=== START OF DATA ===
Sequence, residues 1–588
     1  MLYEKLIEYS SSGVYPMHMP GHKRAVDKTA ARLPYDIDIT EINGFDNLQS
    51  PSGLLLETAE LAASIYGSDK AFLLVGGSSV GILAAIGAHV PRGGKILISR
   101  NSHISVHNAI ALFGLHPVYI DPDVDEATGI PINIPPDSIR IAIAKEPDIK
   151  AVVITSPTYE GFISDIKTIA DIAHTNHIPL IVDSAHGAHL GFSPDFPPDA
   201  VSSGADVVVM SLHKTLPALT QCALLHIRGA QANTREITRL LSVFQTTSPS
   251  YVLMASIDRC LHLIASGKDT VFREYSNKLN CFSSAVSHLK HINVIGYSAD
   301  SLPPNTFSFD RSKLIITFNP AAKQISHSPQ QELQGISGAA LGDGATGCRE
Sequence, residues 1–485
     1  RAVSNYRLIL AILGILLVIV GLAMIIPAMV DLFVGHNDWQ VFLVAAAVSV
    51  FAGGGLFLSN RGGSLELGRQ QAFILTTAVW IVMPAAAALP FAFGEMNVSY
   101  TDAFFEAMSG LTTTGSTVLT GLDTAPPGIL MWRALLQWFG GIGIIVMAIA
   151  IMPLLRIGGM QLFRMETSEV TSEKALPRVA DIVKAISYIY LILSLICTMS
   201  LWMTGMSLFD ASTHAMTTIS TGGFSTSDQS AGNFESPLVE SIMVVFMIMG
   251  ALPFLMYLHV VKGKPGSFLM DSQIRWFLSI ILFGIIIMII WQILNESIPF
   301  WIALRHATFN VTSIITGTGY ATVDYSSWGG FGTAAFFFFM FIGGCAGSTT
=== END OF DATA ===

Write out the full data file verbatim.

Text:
Sequence, residues 1–588
     1  MLYEKLIEYS SSGVYPMHMP GHKRAVDKTA ARLPYDIDIT EINGFDNLQS
    51  PSGLLLETAE LAASIYGSDK AFLLVGGSSV GILAAIGAHV PRGGKILISR
   101  NSHISVHNAI ALFGLHPVYI DPDVDEATGI PINIPPDSIR IAIAKEPDIK
   151  AVVITSPTYE GFISDIKTIA DIAHTNHIPL IVDSAHGAHL GFSPDFPPDA
   201  VSSGADVVVM SLHKTLPALT QCALLHIRGA QANTREITRL LSVFQTTSPS
   251  YVLMASIDRC LHLIASGKDT VFREYSNKLN CFSSAVSHLK HINVIGYSAD
   301  SLPPNTFSFD RSKLIITFNP AAKQISHSPQ QELQGISGAA LGDGATGCRE
Sequence, residues 1–485
     1  RAVSNYRLIL AILGILLVIV GLAMIIPAMV DLFVGHNDWQ VFLVAAAVSV
    51  FAGGGLFLSN RGGSLELGRQ QAFILTTAVW IVMPAAAALP FAFGEMNVSY
   101  TDAFFEAMSG LTTTGSTVLT GLDTAPPGIL MWRALLQWFG GIGIIVMAIA
   151  IMPLLRIGGM QLFRMETSEV TSEKALPRVA DIVKAISYIY LILSLICTMS
   201  LWMTGMSLFD ASTHAMTTIS TGGFSTSDQS AGNFESPLVE SIMVVFMIMG
   251  ALPFLMYLHV VKGKPGSFLM DSQIRWFLSI ILFGIIIMII WQILNESIPF
   301  WIALRHATFN VTSIITGTGY ATVDYSSWGG FGTAAFFFFM FIGGCAGSTT